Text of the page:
The most comforting thing about Ghost Dog is his attitude to death. It’s not a passive acceptance but an active affirmation, and it is perhaps due to this affirmation that he makes such a good assassin. One commentator puts it that ‘”By considering himself already dead” [Ghost Dog]… maintains his composure.’ (4) This can be seen in a number of scenes where Ghost Dog shows no fear or hesitation when under fire or in danger.

The Hagakure, too, presents us with a view that positively affirms death and the failure to achieve one’s goals; a view far removed from Western liberal society. Today, we are encouraged to generate goals, to acquire things and, perhaps more philosophically, to create a neat and complete narrative in which we see the generic unfolding of some kind of ‘good life’. When we mourn, we mourn what could have been achieved and realised by that person. The loss of life in itself is not the problem, it is the loss of our relations and future potential. The Hagakure criticises such a desire for achievement: ‘The way of revenge lies in simply forcing one’s way into a place and being cut down. There is no shame in this. By thinking that you must complete the job you will run out of time.’ Applying this melodramatic maxim to ordinary western life helps draw attention to our zealous praise of success, victory and achievement. It may be obvious but people can die before achieving their goals. Even less drastically people sometimes don’t get what they desire because they’re not particularly competent, or because they are just plain unlucky. A climate that sells success stories of meteoric rises to fame and then bullshits us into believing that anyone can achieve this, leads to disappointment when our desires aren’t realised. Conversely, the Hagakure says, when facing an army of thousands, it’s enough just to be determined to cut them down, even though loss is inevitable. It never says you’ll win. Nietzsche says that ‘Buddhism makes no promises but keeps them, Christianity” or in this case Western ideas like the American dream ‘makes a thousand promises but keeps none.(5) In this sense Ghost Dog and the Hagakure offers a view that I personally find comforting.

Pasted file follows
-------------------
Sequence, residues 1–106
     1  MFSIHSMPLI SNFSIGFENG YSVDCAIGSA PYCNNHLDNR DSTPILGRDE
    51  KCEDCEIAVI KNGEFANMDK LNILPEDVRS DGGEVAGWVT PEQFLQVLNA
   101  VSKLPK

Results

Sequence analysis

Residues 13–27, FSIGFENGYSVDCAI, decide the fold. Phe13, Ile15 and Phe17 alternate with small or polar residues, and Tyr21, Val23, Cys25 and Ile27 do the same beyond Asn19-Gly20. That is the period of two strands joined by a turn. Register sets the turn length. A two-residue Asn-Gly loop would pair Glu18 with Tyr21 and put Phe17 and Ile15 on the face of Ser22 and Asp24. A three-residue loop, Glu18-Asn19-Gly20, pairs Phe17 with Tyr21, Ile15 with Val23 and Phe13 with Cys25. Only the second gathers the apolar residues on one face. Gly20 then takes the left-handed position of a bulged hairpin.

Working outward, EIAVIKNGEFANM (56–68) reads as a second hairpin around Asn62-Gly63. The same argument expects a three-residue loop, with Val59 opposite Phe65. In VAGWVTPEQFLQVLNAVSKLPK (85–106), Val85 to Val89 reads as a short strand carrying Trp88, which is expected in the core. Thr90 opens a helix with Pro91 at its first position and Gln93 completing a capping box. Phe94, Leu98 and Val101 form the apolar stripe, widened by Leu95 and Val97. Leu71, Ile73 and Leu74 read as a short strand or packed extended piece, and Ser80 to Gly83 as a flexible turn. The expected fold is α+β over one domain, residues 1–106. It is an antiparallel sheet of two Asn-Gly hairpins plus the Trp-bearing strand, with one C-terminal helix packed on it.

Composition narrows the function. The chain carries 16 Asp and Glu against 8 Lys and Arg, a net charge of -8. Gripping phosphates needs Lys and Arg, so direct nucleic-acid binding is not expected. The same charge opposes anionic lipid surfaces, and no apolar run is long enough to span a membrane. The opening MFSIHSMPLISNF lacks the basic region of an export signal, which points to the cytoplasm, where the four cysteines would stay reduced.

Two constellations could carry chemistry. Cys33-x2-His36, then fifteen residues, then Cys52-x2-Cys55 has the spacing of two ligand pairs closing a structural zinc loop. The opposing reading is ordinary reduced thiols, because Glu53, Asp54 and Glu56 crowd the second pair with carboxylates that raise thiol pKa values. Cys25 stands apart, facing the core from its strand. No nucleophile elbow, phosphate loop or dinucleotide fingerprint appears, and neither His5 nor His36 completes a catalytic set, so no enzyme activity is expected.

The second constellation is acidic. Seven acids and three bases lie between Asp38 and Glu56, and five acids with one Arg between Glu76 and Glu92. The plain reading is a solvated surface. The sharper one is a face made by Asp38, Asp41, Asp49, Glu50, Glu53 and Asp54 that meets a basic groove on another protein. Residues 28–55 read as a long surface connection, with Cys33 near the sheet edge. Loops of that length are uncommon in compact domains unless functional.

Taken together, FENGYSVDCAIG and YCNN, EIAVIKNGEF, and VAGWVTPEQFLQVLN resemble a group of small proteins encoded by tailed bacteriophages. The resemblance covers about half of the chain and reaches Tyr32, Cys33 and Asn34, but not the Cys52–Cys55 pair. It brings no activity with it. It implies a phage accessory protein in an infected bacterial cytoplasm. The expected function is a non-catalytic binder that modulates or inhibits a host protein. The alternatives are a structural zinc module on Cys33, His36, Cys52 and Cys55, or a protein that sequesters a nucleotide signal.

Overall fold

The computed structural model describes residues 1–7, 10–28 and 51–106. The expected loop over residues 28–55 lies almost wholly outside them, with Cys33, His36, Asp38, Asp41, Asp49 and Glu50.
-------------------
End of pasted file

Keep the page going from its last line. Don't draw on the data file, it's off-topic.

The film, coupled with the text encourages us to disperse with any kind of ultimate, metaphysical meaning in our existence. The general Eastern view offered in the film embraces Daoist and Buddhist thinking whereby existence is fashioned through a discipline and commanding of the drives and passions. The intense awareness of one’s own life and the lives of others, including non-human animals, is improved by contemplation of death and one’s own eventual non-being.